Accepting a $229,000 T-DOT "Safe Route to Schools" sidewalk grant would require removing of a historic limestone sidewalk on Broadway Street, which local officials don't want to do. (photo by Jeff Bobo)
ROGERSVILLE — Rogersville can still save a $229,000 grant to build a “Safe Route to Schools” sidewalk near Rogersville City School, although it will require small property easements from adjacent property owners.
In 2009, the Tennessee Department of Transportation awarded Rogersville a $229,000 Safe Routes to Schools grant to replace a historic limestone sidewalk on Broadway Street about 70 feet in length just east of RCS. The sidewalk is uneven, jagged and, in some places, broken.
City and school officials had asked the state to allow the limestone to remain part of the project.
But because the funds are part of a federal project, the new sidewalk must be constructed under certain guidelines. For example it must meet all ADA (Americans with Disabilities Act) requirements, and it must have a smooth concrete surface that is at least 5 feet wide.
Earlier this month Rogersville Mayor Jim Sells and some other local officials went to Nashville seeking a compromise with T-DOT, which administers the grant.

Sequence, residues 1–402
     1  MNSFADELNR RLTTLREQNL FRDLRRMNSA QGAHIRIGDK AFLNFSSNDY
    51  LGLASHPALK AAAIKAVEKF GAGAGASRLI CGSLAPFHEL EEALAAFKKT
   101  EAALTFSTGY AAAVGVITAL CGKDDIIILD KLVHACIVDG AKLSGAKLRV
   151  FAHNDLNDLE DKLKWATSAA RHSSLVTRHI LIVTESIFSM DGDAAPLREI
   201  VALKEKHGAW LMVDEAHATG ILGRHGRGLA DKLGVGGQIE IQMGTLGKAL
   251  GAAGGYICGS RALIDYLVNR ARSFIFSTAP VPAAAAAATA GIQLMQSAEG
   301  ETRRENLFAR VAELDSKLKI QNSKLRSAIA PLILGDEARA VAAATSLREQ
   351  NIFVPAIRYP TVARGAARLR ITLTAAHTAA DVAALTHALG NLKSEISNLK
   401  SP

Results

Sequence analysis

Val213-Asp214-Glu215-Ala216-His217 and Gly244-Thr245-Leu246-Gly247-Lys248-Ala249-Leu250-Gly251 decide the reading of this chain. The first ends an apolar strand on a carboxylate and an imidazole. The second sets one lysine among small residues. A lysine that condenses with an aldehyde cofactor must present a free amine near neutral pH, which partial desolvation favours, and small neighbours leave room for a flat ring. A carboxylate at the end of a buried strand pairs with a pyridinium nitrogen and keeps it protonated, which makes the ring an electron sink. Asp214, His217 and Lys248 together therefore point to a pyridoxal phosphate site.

The main issue with local officials is that they don’t want to give up the existing limestone rocks, which were quarried locally and placed there in the mid to late 1800s.
City attorney Bill Phillips, who also met with T-DOT, told the Rogersville Board of Mayor and Aldermen at its Aug. 13 meeting that the Tennessee Historical Commission is also opposed to removal of the limestone.
“Not only is the Tennessee Historical Commission opposed to removing the limestone, but the Rogersville Historical Commission opposes that option as well,” Phillips said. “It’s my understanding most of the residents up there do not want the limestone sidewalk removed.”
The compromise offered by T-DOT was to build the new sidewalk up to federal specs and then place the limestone slabs next to them, creating a double sidewalk.
“The only caveat to that is we’re not buying any right-of-way, and don’t want to buy any right-of-way to put those limestone slabs up there,” Phillips added. “The suggestion was that we talk to the neighbors this affects, ask which of them would like to retain their limestone sidewalk, and if they would, ask them to donate three or four feet — enough to put those slabs down on their property — and just move them over next to the newly constructed sidewalk. It will still remain their property. We’ll just have an easement.”
Phillips added, “The alternative is we don’t do anything and we lose the grant.”
The BMA agreed to seek a recommendation from the Rogersville Historical Committee. If the committee approves this compromise, city leaders will then contact the affected property owners seeking an easement.
The grant is set to expire in September 2014. If the grant expires, the city of Rogersville will owe TDOT about $8,000 for engineering work already completed.